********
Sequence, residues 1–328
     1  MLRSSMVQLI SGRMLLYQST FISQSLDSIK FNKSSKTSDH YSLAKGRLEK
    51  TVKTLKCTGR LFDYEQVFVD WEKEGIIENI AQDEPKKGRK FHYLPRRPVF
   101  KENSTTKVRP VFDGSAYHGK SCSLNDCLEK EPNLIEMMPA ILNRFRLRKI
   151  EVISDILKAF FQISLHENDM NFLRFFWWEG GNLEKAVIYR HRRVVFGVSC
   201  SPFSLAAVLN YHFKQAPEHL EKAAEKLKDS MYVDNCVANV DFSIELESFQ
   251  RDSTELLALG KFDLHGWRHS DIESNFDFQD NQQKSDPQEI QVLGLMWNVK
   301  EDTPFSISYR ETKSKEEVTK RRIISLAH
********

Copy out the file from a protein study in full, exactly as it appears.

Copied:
Sequence, residues 1–328
     1  MLRSSMVQLI SGRMLLYQST FISQSLDSIK FNKSSKTSDH YSLAKGRLEK
    51  TVKTLKCTGR LFDYEQVFVD WEKEGIIENI AQDEPKKGRK FHYLPRRPVF
   101  KENSTTKVRP VFDGSAYHGK SCSLNDCLEK EPNLIEMMPA ILNRFRLRKI
   151  EVISDILKAF FQISLHENDM NFLRFFWWEG GNLEKAVIYR HRRVVFGVSC
   201  SPFSLAAVLN YHFKQAPEHL EKAAEKLKDS MYVDNCVANV DFSIELESFQ
   251  RDSTELLALG KFDLHGWRHS DIESNFDFQD NQQKSDPQEI QVLGLMWNVK
   301  EDTPFSISYR ETKSKEEVTK RRIISLAH